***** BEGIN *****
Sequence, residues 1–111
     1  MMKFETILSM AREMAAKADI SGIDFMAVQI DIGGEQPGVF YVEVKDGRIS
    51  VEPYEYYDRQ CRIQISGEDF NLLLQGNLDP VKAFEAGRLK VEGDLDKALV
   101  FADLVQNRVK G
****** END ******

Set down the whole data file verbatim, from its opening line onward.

Sequence, residues 1–111
     1  MMKFETILSM AREMAAKADI SGIDFMAVQI DIGGEQPGVF YVEVKDGRIS
    51  VEPYEYYDRQ CRIQISGEDF NLLLQGNLDP VKAFEAGRLK VEGDLDKALV
   101  FADLVQNRVK G